Do you have favorite writers whose work makes you yearn to be writing something yourself? Do they inspire you to run to the computer or at least jot down some sudden new ideas? A few writers’ works do that to me, and I have no idea why it’s those writers, rather than Charles Dickens, my favorite novelist of all time, or E.B. White, one of my favorite non-fiction writers.
For me, it’s George Eliot, of all people, and Rosemary Sutcliff, and sometimes Rudyard Kipling and Lewis Thomas, and a few others who’ve written more recently. I pick up one of their books and get into it a little and suddenly I’m in the mood to write. It’s not to show off, nor to try to write like they do, nor to challenge their mastery with my own efforts. I just want to express something as well as I can. I won’t achieve their facility of expression (I’ll still be only me, not him or her). But maybe my writing is better when inspired this way, because more heart is in it.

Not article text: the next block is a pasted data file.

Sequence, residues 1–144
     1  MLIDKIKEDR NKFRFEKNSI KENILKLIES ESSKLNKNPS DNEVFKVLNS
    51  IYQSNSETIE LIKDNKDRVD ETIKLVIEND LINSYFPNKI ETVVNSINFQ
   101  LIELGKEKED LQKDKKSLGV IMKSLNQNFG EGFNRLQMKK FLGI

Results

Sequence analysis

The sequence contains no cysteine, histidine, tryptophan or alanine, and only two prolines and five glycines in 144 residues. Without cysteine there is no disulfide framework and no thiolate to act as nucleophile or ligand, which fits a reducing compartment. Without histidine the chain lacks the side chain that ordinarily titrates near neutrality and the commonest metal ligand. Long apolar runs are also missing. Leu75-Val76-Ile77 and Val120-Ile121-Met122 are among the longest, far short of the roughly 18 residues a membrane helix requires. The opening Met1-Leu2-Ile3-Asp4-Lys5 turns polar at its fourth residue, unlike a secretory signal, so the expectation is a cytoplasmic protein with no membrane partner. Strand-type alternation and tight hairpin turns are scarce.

Madeleine L’Engle said something similar in her candid journal-book, A Circle of Quiet. Here’s what she says:
“A great painting, or symphony, or play, doesn’t diminish us, but enlarges us, and we, too, want to make our own cry of affirmation to the power of creation behind the universe. This surge of creativity has nothing to do with competition, or degree of talent. … A great novel, rather than discouraging me, simply makes me want to write. This response on the part of any artist is the need to make incarnate the new awareness we have been granted through the genius of someone else. … It is beauty crying out for more beauty.”